Opinion: Debased: Trump Risks Losing His Core Supporters Due to Recent Controversies

Donald Trump at CPAC in 2011. (Unmodified Creative Commons photo by Gage Skidmore. http://bit.ly/1jxQJMa)

Donald Trump cannot afford to lose his base of support, yet he has risked losing it twice in the past weeks. He almost compromised with Nancy Pelosi and Chuck Schumer on DACA (Differed Action for Childhood Applicants) and “the Wall”. This alone caused a firestorm over President Trump’s preferred platform, Twitter and conservative sites. In addition, Trump backed Luther Strange in the Alabama GOP primary (to fill Jeff Sessions’ vacant seat). Strange is an establishment figure and mired in controversy due to his selection to Attorney General of Alabama by its licentious former governor, Robert Bentley.

Trump’s Four Letter Word

DACA. This acronym brought “Fire and Fury” to the Trump supporter community, when Trump announced he was making a deal with the Democrats regarding DACA and postponing the Wall. DACA’s intended purpose is to legalize 800,000 illegal aliens into a legal status. Some argue that since this act covers children who were brought to the US through no fault of their own, the immigrants should be able to stay in the US. This compromise with the Democrats inflamed many of his supporters and they took to Twitter with the hashtag “burnmyMAGAhat”, burned their “Make America Great Again” hats and a made new moniker for Trump; “Amnesty Don”.

They are rightfully angry, for DACA arguably violates the fourteenth amendment, section I of the United States Constitution, “All persons born or naturalized in the United States, and subject to the jurisdiction thereof, are citizens of the United States and of the state wherein they reside.” Since these children (now adults) were not born in the United States, did not have parents who were US citizens, they are violating the aforementioned clause. In addition, Trump proposed a postponement on the Wall, one of the hallmark promises of his campaign, since he announced his candidacy for president. In the recent weeks, Trump has emphasized stronger border security and reneged on his postponement for the wall, calling for “physical barriers”. Whether this action will assuage his base is unknown, but it is unlikely due to the possible amnesty of 800,000 illegal immigrants.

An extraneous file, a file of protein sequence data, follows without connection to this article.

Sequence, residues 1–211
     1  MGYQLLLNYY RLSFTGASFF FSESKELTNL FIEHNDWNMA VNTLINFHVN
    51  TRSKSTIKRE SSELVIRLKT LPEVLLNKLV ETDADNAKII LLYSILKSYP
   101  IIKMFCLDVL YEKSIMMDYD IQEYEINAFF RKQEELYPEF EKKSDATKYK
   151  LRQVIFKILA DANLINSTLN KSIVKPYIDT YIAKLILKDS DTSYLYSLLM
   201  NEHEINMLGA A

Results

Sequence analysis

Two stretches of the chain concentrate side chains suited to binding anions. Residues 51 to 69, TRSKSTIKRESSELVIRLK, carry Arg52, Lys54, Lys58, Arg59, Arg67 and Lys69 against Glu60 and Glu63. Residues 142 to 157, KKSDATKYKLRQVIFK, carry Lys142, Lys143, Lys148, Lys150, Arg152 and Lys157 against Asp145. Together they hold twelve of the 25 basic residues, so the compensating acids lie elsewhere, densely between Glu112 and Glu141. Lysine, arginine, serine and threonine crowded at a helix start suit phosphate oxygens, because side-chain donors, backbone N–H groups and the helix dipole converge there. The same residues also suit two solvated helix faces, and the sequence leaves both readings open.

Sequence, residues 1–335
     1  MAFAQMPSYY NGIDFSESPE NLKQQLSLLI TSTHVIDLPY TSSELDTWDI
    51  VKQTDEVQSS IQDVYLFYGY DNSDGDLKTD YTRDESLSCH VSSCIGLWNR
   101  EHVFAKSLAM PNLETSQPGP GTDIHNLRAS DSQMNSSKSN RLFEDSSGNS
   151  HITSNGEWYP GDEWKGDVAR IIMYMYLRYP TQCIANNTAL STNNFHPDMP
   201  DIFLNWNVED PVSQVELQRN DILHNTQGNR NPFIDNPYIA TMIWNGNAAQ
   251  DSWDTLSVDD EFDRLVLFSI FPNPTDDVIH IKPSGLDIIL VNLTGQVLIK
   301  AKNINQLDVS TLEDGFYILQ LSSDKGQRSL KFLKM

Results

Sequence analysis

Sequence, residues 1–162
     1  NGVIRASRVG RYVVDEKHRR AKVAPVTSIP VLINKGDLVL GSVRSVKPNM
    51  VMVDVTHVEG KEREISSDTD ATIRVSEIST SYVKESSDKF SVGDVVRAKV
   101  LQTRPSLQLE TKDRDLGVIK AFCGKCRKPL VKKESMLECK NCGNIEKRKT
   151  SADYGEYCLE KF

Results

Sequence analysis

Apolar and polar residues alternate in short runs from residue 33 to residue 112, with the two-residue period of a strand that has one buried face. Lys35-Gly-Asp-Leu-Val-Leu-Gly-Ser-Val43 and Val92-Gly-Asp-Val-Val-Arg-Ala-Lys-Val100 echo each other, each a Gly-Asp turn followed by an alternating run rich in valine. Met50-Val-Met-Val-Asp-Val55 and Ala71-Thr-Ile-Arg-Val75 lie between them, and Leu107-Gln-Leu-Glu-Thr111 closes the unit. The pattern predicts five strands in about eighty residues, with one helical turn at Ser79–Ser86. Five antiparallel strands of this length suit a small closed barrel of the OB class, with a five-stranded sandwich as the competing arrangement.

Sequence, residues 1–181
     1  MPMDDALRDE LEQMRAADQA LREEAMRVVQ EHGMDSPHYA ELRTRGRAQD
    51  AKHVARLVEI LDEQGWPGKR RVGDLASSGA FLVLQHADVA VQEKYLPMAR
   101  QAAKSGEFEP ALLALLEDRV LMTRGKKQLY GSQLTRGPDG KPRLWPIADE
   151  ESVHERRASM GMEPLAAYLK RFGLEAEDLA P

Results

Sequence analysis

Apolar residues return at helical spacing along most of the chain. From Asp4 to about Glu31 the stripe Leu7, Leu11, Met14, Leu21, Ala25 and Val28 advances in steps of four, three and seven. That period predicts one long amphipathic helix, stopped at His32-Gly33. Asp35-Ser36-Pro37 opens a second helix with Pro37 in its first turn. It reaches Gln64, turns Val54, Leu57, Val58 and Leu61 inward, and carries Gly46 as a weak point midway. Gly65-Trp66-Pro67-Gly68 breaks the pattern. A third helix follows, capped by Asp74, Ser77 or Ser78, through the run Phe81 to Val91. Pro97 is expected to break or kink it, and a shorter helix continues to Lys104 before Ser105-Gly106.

A Strange Affair

The other half of the recent disillusionment of the Trump base was Trump’s endorsement of Luther Strange, the Attorney General for Alabama, even attending a rally for Strange’s campaign. Due to the hasty appointment of Strange then subsequent resignation of Governor Bentley due to a sex scandal and being sponsored by millions of dollars of donations, he was seen as a conspirator with the “swamp” by former White House Chief Strategist Steve Bannon. Strange’s opponent, Judge Roy Moore, received endorsements from figures in Trump’s nationalist base such as the previously mentioned Steve Bannon, Sebastian Gorka, and former UKIP head and “Mr. Brexit” Nigel Farage. In addition, nationalist website, Breitbart (under the ownership of Steve Bannon) endorsed Moore.

In an interview with Moore, he levied accusations of Strange abusing work visas (which Trump opposes strongly) and having ambiguity on DACA. DACA and border issues being the number one concern due to Trump’s own ambiguity regarding the policy. In the end, Roy Moore heartily beat out Luther Strange for the vacant seat, solidifying the resolve of Trump’s nationalist base.

There are reasons why Trump did not endorse Moore, however. Moore has been involved with a fair bit of controversy himself, mostly involving the defiance of constitutional law with his own personal religious beliefs. The easiest answer to this question is one of political capital. Trump has been losing it since the resignations of Bannon and former Deputy Assistant Sebastian Gorka and the failure to pass a repeal of Obamacare. In addition, Strange was in favorability with the party due to his lack of political scandal (at the time) and the desire for someone who would kowtow to the establishment’s demands, and not rebel against “the swamp”.

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